Researchers at the Royal Melbourne Institute of Technology (RMIT University) in Australia have created an entirely new nanostructure they have dubbed a “nanocone”. It combines the upside-down physics of topological insulators with the easier-to-explain process of plasmonics. The result is a nanomaterial that can be used with silicon-based photovoltaics to increase their light absorption properties.
Topological insulators have the peculiar property of behaving as insulators on the inside but conductors on the outside and plasmonics exploits the oscillations in the density of electrons that are generated when photons hit a metal surface. What the RMIT researchers have done by bringing these worlds together is create a plasmonic nanostructure that has a core-shell structure that lends itself to being topological insulator.
“This is the first time that a nanocone with intrinsically core-shell structure has been fabricated,” said Min Gu, the RMIT professor who led the research in an e-mail interview with IEEE Spectrum. “The nanocone has a topologically protected metallic shell and a dielectric [insulating] core. They do not need a particular fabrication method and the unique nanostructure has the intrinsic properties of topological insulators.”
The topological insulator nanocone arrays could enhance the light absorption of solar cells by focusing incident sunlight into the silicon, according to Gu.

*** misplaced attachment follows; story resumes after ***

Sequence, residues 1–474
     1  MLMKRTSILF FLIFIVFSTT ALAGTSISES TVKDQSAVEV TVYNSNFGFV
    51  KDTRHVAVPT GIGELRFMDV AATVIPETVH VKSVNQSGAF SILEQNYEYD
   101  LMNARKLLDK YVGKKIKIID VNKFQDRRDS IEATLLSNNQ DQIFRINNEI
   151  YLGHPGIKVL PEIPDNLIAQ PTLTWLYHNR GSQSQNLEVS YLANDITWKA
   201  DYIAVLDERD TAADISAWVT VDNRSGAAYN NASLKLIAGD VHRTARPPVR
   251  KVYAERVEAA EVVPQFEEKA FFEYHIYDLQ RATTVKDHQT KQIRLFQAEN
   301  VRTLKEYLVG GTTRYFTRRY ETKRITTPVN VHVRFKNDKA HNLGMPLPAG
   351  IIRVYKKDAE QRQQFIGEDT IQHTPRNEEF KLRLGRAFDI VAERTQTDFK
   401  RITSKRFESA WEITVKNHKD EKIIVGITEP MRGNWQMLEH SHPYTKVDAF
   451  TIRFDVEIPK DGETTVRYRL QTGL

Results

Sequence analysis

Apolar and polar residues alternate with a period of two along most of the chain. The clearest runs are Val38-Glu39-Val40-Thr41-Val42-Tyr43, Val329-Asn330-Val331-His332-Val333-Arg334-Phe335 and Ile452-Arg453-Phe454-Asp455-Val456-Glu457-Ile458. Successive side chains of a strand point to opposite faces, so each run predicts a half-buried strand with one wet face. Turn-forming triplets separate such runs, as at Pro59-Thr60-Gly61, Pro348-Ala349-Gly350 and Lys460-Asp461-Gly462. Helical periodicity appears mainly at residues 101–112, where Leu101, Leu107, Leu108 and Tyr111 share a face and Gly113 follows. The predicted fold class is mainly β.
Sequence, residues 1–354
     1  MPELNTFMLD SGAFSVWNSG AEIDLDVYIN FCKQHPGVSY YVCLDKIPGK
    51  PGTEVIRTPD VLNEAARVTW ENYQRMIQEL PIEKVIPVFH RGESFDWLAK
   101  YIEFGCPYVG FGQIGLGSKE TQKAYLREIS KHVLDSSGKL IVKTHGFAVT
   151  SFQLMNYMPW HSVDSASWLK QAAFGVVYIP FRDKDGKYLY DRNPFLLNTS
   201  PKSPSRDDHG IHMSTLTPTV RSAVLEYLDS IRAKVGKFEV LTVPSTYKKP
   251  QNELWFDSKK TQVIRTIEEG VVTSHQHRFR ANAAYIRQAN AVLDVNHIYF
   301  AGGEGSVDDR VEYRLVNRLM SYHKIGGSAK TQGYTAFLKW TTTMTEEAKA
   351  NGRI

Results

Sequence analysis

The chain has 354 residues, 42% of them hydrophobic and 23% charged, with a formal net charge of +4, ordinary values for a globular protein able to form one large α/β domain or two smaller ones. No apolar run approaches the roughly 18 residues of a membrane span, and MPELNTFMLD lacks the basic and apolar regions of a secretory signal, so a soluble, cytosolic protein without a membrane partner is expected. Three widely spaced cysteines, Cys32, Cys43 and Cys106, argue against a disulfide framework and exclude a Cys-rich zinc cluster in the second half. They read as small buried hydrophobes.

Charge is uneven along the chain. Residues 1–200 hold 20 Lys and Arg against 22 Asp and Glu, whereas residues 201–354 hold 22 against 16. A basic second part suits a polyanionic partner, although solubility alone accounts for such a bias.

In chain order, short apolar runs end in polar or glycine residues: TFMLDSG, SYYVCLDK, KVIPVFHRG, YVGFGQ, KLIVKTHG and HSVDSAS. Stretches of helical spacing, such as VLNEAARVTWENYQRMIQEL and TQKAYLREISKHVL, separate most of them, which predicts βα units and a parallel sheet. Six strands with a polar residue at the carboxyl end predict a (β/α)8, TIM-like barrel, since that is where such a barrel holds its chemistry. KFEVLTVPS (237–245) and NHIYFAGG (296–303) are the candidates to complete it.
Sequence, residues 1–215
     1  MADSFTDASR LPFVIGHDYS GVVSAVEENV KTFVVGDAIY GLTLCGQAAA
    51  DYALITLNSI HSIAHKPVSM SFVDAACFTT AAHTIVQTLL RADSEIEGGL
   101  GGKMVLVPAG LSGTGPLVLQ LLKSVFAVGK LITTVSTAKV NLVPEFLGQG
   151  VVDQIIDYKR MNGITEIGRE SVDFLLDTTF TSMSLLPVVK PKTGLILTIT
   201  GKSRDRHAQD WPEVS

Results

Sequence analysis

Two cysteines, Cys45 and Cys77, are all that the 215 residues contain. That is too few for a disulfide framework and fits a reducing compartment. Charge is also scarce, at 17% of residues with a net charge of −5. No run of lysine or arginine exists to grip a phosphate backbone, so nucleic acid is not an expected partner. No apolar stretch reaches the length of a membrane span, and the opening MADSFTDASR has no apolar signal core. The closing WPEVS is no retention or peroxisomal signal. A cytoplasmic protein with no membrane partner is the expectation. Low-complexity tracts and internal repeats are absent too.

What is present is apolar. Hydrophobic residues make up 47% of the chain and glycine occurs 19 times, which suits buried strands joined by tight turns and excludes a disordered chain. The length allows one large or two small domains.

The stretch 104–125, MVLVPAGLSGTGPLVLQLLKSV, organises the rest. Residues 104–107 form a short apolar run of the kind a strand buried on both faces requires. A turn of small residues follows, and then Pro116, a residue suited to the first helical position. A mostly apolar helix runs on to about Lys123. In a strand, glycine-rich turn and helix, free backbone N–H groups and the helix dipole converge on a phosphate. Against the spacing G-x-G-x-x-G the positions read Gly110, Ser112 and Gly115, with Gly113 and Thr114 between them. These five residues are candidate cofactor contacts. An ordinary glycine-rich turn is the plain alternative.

In research described in the journal Science Advances, this enhanced light absorption is achieved by the insulating core of the cone providing an ultrahigh refractive index in the near-infrared frequency range. Meanwhile, the metallic shell provides a strong plasmonic response and strong backward light scattering in the visible frequency range.
The researchers predict that then when a nanocone array is integrated into a silicon thin-film solar cell, it can help enhance light absorption for the cell up to 15 percent in the ultraviolet and visible ranges.
“With the enhanced light absorption, both the short circuit current and photoelectric conversion efficiency could be enhanced,” said Gu.
In future research, Gu and his colleagues plan to investigate plasmonics in other types of topological insulator nanostructures, such as nano-spheres and nano-cylinders and try to achieve plasmonic nanostructures that respond to a broad spectrum of light: from ultraviolet down to THz in all in a single core-shell nanostructure. He added: “In particular, we want to apply these nanostructures into ultra-thin PV devices.”
Dexter Johnson is a contributing editor at IEEE Spectrum, with a focus on nanotechnology.